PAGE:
More non-traditional hosts, such as consumer brands or other non-tech companies. Some of this was simply jumping on the bandwagon, but others were more of a testing toe in the waters to see how they might be able to work with developers.
The “hackathon-as-a-job” crowd is still active, coming to events for prizes and free food over anything. Careful event and incentive design can help mitigate their impact, but there are still plenty of people out there who think hackathons exist just as a way to pay some lucky developers.
Hackathons are losing their effectiveness as a way to unearth new and great applications or startups. The reality is that the majority of hackathon projects die after the event, with little interest from participants to take them further.
Smaller events tend to deliver on specific objectives with much more success than larger events. Common thinking is that a bigger hackathon = a better hackathon, and simply that getting more developers participating increases the results through the rule of crowds. Our recommendation is that when there are specific goals for a hack (rather than just overall visibility or community building), it’s better to spend resources on ensuring you get a smaller number of the right developers, rather than a large number of any developers. Investing resources in scouting and invitations – or even paying travel costs to bring in highly qualified developers – can be a better investment than buying meals for hundreds of random developers.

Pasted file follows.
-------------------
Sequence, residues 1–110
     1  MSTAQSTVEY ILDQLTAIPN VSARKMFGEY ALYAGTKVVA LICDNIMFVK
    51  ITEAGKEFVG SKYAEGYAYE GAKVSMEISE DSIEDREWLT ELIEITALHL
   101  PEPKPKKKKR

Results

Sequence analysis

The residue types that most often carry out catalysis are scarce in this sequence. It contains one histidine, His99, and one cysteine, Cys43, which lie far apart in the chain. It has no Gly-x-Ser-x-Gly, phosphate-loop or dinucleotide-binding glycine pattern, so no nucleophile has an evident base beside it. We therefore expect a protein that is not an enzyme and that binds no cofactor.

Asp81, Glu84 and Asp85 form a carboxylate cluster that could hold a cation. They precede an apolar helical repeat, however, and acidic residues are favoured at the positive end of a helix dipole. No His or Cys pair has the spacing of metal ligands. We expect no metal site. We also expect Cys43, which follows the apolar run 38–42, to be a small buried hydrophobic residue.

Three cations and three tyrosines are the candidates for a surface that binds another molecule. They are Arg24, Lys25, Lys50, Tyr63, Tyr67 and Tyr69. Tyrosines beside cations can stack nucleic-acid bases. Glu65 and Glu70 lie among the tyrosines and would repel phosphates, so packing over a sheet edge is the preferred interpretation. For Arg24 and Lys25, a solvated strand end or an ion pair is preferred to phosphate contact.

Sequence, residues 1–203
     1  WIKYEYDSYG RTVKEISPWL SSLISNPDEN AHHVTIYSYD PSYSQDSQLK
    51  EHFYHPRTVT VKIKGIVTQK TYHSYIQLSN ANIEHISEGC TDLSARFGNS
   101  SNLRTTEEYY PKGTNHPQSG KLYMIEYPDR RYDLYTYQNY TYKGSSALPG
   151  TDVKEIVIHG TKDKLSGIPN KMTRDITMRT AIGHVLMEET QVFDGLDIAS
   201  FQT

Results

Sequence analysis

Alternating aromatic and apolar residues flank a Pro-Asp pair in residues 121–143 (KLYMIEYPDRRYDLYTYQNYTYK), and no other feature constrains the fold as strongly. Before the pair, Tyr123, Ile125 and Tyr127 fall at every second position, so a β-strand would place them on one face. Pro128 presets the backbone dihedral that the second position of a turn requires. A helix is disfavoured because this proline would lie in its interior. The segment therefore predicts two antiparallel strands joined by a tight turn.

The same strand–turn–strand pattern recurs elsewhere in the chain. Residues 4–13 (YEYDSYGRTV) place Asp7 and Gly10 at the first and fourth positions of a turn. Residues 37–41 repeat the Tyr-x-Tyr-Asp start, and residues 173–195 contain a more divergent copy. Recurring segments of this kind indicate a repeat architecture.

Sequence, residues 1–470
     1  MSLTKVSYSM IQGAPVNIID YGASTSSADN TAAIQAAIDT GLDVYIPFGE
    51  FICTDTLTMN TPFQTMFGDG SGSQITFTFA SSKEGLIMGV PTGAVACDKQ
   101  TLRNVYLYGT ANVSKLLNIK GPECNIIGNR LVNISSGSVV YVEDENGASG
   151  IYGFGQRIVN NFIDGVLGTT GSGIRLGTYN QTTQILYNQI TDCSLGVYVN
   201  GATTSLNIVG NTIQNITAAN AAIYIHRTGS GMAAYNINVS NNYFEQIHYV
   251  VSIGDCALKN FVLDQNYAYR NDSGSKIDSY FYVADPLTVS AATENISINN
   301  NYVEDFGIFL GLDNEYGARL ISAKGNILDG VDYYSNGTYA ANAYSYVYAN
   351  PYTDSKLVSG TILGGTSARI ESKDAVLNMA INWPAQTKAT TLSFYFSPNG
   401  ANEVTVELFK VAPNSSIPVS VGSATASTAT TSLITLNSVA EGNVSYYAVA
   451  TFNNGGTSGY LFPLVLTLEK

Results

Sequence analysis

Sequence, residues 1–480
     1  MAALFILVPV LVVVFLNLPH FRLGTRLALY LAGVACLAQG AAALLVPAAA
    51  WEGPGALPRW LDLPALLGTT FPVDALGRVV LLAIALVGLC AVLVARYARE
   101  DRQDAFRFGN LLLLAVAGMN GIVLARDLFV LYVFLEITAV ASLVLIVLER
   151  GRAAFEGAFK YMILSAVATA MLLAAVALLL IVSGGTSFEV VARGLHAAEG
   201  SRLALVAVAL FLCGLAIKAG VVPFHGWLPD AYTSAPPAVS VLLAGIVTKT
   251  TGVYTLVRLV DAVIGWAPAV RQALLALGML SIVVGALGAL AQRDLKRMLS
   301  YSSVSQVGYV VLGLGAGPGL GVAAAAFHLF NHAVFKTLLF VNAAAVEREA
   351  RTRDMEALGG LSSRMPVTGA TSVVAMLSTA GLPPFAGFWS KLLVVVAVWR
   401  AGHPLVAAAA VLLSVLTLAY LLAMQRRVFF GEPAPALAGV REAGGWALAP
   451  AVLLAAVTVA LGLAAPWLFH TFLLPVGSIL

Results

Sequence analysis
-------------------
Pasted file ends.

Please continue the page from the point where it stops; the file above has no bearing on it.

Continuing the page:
Operators vs. OTT
“Network APIs” were getting a lot of publicity last year, as operators moved on to them, instead of app stores, in their latest attempt to win over developers. But things have definitely pulled back in the space, with many operators taking their APIs largely out of public view.
This doesn’t mean they’re totally giving up on them, but rather making them more of a “private” API than a publicly available one. For instance, Telefonica’s BlueVia unit has announced it’s shutting down all of its public APIs, and will only offer a private operator billing API going forward.
Billing remains a highly lucrative area for operators, but it’s one that continues to slide as consumers enter their credit card data in wallets with the likes of iTunes and Google Play. Outside of that, it’s tough to come up with an example of a space where operator APIs are beating out over-the-top players. Location and messaging have been two strong areas for operators, but that strength has eroded.
It looks like the API ship has largely sailed for mobile operators, thanks to a deadly combination of bureaucracy, slow movement, and unfriendly processes and policies. This begs the question of what’s next – if anything – for operator developer programs?